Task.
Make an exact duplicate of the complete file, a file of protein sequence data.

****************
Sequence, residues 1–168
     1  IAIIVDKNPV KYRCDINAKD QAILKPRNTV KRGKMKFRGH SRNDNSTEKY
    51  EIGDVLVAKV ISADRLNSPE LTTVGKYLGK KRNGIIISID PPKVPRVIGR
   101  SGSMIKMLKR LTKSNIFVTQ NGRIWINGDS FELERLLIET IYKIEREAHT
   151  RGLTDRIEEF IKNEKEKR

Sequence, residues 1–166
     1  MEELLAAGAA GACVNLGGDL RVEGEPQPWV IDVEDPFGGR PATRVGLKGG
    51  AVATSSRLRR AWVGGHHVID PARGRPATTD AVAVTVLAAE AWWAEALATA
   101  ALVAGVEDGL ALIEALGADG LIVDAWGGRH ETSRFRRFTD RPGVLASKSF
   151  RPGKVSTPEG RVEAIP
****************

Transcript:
Sequence, residues 1–168
     1  IAIIVDKNPV KYRCDINAKD QAILKPRNTV KRGKMKFRGH SRNDNSTEKY
    51  EIGDVLVAKV ISADRLNSPE LTTVGKYLGK KRNGIIISID PPKVPRVIGR
   101  SGSMIKMLKR LTKSNIFVTQ NGRIWINGDS FELERLLIET IYKIEREAHT
   151  RGLTDRIEEF IKNEKEKR

Sequence, residues 1–166
     1  MEELLAAGAA GACVNLGGDL RVEGEPQPWV IDVEDPFGGR PATRVGLKGG
    51  AVATSSRLRR AWVGGHHVID PARGRPATTD AVAVTVLAAE AWWAEALATA
   101  ALVAGVEDGL ALIEALGADG LIVDAWGGRH ETSRFRRFTD RPGVLASKSF
   151  RPGKVSTPEG RVEAIP